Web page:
The Missing dir. Ron Howard

Opens Fri Nov 28.

Ron Howard's new film, The Missing, offers a number of curious sights. There is the sight of Cate Blanchett, angelic as always, yanking the last remaining tooth from an ancient woman's rotting gums. There is the sight of Aaron Eckhart folded up like a lawn chair inside a hunting net. There is the sight of a dusty and drug- addled Tommy Lee Jones flopping about the desert, chatting with a hawk. What the film does not offer, though, is a thrilling experience. Howard, delivering his first film since A Beautiful Mind was showered with awards, has managed to assemble a chase film, à la John Ford's classic The Searchers (which is its obvious influence), that is lumbering, obvious, and surprisingly unengaging, a film that routinely pauses when it should sprint. The result is not just dull, but, on the whole, a fairly terrible endeavor.

Cate Blanchett plays a woman named Maggie Gilkeson, a "healer" living with her two daughters in the bleak expanse that was 1885 New Mexico. Widowed and estranged from her father, Jones (Tommy Lee Jones), who abandoned her when she was young in favor of a life among the Apache Indians, Maggie has become a bitter shell of a woman, devotedly Christian, and hostile toward all things mystical and mojo. In a surprising dash of authenticity, she is decidedly racist. Her dislike of Native Americans is only amplified when first her faux-Indian father breezes onto the ranch looking to patch up their relationship, and then her eldest daughter, Lilly (Evan Rachel Wood), is kidnapped by Pesh-Chidin (Eric Schweig), a native brute with mystical powers.

What does this Pesh-Chidin want with young Lilly? His plan is to take her to Mexico where she, along with a number of young women also kidnapped from their homesteads, will fetch a fair number of pesos. Helping Pesh-Chidin with his transaction is a gang of army deserters--both paleface and Indian--who have decided it's time for them to receive a little payback for their service. On the trail of these outlaws is the mighty U.S. Army, but as it turns out, President Chester A. Arthur's men are headed in the wrong direction; thinking Pesh-Chidin is headed north instead of south, the good soldiers giving chase are of little use, leaving Maggie stranded with her own devices to rescue her daughter. Can you see where this is all headed?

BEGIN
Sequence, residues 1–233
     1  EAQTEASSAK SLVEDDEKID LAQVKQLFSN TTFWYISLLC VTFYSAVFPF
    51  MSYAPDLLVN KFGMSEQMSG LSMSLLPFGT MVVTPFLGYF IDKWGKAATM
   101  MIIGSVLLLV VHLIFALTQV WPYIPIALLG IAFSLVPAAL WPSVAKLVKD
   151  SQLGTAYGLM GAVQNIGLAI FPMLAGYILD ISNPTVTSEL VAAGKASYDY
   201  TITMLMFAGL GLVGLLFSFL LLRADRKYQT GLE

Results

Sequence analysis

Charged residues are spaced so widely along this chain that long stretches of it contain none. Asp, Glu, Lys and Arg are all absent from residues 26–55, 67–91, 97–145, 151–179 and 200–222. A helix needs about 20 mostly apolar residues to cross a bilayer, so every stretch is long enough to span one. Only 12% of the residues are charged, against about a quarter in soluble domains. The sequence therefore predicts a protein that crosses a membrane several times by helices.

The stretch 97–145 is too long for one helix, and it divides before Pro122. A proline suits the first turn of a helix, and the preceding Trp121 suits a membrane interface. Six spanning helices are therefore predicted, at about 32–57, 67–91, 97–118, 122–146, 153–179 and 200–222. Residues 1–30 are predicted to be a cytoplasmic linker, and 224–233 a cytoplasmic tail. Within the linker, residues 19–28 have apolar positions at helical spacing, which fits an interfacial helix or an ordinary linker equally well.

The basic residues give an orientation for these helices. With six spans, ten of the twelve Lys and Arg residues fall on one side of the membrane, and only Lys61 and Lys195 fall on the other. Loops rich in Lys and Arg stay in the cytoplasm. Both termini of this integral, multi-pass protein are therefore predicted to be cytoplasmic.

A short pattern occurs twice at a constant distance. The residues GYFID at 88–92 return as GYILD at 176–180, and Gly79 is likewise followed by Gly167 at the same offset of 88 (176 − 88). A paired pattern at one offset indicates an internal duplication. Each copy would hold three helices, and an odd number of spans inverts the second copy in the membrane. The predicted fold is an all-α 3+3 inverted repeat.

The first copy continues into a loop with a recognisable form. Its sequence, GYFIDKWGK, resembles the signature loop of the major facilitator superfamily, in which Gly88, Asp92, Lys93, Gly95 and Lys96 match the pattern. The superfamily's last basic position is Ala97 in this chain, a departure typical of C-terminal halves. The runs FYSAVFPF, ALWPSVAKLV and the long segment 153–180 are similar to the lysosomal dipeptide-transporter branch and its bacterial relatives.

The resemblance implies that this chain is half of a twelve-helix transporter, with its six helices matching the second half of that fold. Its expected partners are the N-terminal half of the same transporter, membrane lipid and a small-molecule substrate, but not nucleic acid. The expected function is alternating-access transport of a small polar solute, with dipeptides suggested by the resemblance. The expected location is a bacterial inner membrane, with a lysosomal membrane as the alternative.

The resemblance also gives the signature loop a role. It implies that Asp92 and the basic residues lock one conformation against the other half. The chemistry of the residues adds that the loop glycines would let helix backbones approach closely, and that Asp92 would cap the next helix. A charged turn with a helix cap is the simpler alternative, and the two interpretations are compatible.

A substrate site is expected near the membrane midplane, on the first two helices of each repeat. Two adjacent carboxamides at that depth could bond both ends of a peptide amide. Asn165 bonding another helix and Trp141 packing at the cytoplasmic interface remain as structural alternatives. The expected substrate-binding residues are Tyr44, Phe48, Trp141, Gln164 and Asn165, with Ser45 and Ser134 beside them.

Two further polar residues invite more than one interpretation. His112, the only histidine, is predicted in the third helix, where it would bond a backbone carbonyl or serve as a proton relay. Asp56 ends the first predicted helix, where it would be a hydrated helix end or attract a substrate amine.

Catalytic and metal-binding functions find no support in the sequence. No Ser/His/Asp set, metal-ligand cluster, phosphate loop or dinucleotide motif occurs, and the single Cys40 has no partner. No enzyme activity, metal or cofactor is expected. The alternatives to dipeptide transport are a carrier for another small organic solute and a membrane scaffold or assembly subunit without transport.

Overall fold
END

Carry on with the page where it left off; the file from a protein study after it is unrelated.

Enter what is intended to be the substance in The Missing, a substance that is not, unfortunately, an exciting and tense chase through New Mexico. Kicking the true spirit of the film into a canyon, Howard, along with screenwriter Ken Kaufman, has chosen instead to weigh the picture down with lengthy and uninspired stretches of father-daughter bonding. Isn't it enough for Jones to put his life on the line to help rescue a granddaughter he barely knows? Apparently not. Jones and Maggie must heal through discourse instead of action, constantly bringing the wagons to a screeching halt in order to melt the glacier that is their relationship, and the final concoction is a painfully touchy-feely affair. Jones spouts wise about Native American customs and mysticism, Maggie snorts back at him about her abandonment issues, and every once in a while they exchange fire with the enemy. Yee-haw.

Surprisingly, early word on The Missing has been kind, with many critics citing it as Ron Howard's first film to dive into his darker side. This, as it turns out, is a sham; Howard may have attempted to dive in, but whatever darker side he may have appears to be too shallow to swim in. In other hands, The Missing could have been a bleak, exciting throwback, a revisiting of the classic Western, but only Schweig as the evil Pesh-Chidin appears to have mustered any energy; when, at one point, he shoves a handful of dirt into Lilly's mouth and shouts, "This is what the rest of your life will taste like!" the effect is chilling. Pesh-Chidin is a thoroughly nasty villain, capable, we believe, of doing anything. Why then must Maggie and Jones waste so much time chatting on their way to catching him?